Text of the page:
Mental Health Hazards of Women in Mid-Life

Dec 10, 2013
[h=3]Mental Health Issues of Women[/h] Some mental health conditions occur more often in women and can play a significant role in the state of a woman's overall health. While men experience higher rates of autism, early onset schizophrenia, antisocial personality disorder, and alcoholism, mental health conditions more common in women include the following. [/FONT]
[h=3]Stress[/h] Look around. One of ten people you see at work, at the store, and wherever you go in your daily life is over stressed at any given moment. Scientists agree that stress causes actual chemical changes in the brain, and these changes can influence the state of your health. [/FONT]
[h=3]Menopause and Mental Health [/h] A popular myth pictures the menopausal woman shifting from raging, angry moods into depressive, doleful slumps with no apparent reason or warning. However, a study by psychologists at the University of Pittsburgh suggests that menopause does not cause unpredictable mood swings, depression, or even stress in most women. [/FONT]
[h=3]Depression [/h] More women than men experience depression. One in four women will require treatment for depression at some time, compared with one in 10 men. The reasons for this are unclear, but are thought to include social factors such as poverty and isolation and biological factors such as the hormonal changes experienced by women. Post-natal depression is believed to affect between eight and 15% of women after they have given birth. Women are twice as likely as men (12 percent of women compared to 6 percent of men) to get depression. [/FONT]
[h=3]Anxiety and specific phobias [/h] Although men and women are affected equally by such mental health conditions as obsessive-compulsive disorder and social phobias, women are twice as likely as men to have panic disorder, generalized anxiety, and specific phobias. [/FONT]
[h=3]Post-traumatic stress syndrome (PTSD) [/h] Women are twice as likely to develop PTSD following a traumatic event. [/FONT]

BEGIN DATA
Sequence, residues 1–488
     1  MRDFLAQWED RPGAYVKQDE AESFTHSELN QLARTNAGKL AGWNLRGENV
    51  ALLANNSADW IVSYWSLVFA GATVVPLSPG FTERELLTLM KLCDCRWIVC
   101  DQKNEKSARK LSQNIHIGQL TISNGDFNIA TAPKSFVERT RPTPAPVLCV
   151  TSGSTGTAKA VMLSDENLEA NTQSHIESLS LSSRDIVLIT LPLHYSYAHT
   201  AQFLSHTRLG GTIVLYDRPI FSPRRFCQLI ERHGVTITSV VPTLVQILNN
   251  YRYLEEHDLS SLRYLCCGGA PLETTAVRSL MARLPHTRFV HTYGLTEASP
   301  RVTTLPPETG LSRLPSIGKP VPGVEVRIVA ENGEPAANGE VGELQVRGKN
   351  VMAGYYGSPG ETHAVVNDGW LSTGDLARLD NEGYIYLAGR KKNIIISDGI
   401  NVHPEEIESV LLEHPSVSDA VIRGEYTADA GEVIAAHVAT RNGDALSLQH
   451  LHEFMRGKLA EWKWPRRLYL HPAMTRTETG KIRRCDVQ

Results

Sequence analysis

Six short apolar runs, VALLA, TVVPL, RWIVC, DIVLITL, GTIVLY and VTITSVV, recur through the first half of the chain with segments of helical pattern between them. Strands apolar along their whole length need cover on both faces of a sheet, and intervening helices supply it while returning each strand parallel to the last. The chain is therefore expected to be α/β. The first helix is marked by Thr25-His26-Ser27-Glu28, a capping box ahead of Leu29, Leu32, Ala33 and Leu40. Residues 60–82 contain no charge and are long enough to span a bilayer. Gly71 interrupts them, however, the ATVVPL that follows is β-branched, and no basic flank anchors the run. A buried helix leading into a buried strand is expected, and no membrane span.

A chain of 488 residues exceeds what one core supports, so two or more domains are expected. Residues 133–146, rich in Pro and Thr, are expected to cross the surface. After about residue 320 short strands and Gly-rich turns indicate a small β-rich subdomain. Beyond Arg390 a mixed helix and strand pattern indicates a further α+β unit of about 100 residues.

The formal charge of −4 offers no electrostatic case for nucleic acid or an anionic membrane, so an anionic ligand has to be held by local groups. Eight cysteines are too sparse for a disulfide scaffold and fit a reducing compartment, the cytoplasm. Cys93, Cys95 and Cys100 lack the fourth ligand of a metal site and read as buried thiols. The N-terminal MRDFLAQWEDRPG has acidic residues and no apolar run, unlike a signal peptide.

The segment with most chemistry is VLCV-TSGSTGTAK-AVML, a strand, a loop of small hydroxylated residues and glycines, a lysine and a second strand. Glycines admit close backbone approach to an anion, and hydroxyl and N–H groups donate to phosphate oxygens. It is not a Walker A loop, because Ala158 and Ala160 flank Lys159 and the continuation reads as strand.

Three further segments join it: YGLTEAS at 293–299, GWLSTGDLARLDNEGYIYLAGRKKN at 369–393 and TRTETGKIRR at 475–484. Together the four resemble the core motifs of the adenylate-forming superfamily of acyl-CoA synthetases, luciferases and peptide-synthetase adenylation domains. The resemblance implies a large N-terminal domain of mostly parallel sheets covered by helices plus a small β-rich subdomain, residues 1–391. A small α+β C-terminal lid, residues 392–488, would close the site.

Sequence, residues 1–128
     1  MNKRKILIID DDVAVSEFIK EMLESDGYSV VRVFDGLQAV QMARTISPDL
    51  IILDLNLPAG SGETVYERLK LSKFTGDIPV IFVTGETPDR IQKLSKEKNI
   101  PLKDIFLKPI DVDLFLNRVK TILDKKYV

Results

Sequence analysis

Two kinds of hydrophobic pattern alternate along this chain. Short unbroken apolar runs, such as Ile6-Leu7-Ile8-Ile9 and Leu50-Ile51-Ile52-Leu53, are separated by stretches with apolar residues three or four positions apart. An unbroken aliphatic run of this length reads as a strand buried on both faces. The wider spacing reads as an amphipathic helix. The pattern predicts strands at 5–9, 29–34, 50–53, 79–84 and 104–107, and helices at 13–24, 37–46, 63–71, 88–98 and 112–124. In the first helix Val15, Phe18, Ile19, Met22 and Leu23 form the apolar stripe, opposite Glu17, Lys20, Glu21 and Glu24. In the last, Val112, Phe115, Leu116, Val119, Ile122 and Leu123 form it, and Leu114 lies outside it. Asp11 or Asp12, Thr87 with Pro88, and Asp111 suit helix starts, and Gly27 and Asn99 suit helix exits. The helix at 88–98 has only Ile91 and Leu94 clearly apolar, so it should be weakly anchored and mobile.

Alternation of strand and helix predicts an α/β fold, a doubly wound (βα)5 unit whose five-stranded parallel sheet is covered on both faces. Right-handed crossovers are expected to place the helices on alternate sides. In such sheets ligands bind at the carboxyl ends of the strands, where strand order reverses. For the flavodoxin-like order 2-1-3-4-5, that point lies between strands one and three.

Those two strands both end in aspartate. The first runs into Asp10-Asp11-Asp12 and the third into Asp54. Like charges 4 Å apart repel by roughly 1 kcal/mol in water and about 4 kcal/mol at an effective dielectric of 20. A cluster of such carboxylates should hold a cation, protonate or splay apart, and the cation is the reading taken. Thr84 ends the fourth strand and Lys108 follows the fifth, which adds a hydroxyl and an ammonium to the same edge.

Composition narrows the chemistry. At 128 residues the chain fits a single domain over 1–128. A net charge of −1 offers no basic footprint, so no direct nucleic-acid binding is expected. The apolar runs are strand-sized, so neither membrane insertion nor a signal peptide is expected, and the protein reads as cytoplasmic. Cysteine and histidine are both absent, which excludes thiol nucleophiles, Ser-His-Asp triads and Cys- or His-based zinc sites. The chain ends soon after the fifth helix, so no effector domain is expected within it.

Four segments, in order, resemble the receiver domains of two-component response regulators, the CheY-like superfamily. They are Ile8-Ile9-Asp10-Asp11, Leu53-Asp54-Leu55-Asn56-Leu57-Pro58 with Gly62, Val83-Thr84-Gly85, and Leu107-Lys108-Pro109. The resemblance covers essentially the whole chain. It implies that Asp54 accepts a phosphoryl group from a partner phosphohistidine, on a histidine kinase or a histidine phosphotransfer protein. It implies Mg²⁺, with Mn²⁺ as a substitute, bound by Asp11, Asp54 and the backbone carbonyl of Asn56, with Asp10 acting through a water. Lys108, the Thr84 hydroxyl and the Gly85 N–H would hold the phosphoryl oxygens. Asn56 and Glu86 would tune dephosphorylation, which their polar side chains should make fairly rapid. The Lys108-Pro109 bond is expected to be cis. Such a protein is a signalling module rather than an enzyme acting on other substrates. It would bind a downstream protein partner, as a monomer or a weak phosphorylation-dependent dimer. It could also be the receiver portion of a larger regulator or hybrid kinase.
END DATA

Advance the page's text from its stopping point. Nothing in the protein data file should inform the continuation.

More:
[h=3]Suicide attempts [/h] Men die from suicide at four times the rate that women do, but women attempt suicide two or three times more often than men. [/FONT]
[h=3]Eating disorders [/h] Women account for at least 85 percent of all anorexia and bulimia cases and 65 percent of binge-eating disorder cases. [/FONT]
Even when men and women share a common mental health diagnosis, the symptoms, and subsequently the treatment, can be different. For example, a man who is depressed is likely to report job-related problems, while a woman is more likely to report physical issues, like fatigue or appetite and sleep disturbances. Unlike their depressed male counterparts, women tend to develop problems with alcohol abuse within a few years of the onset of depression. Women are more likely to use religious and emotional outlets to offset the symptoms of depression compared to men, who often find relief through sports and other hobbies. [/FONT]
What goes on in the female brain and body to differentiate these responses to mental illness? The answers may lie in: [/FONT]
[h=3]Biological influences[/h] Female hormonal fluctuations are known to play a role in mood and depression. The hormone estrogen can have positive effects on the brain, protecting schizophrenic women from severe symptoms during certain phases of their menstrual cycles and maintaining the structure of neurons in the brain, which protects against some aspects of Alzheimer’s. On the less positive side, women tend to produce less of the mood stabilizer serotonin and synthesize it more slowly than men, which may account for the higher rates of depression. A woman’s genetic makeup is also believed to play a role in the development of such neurological disorders as Alzheimer’s. [/FONT]
[h=3]Socio-cultural influences[/h] Despite strides in gender equality, women still face challenges when it comes to socio-economic power, status, position, and dependence, which can contribute to depression and other disorders. Women are still the primary caregivers for children, and it is estimated that they also provide 80 percent of all caregiving for chronically ill elders, which adds stress to a woman’s life. [/FONT]
As more research comes to light and there is greater understanding of women’s mental health issues, experts are hopeful that targeted treatments will bring better results and more positive outcomes for women with mental health conditions. [/FONT]

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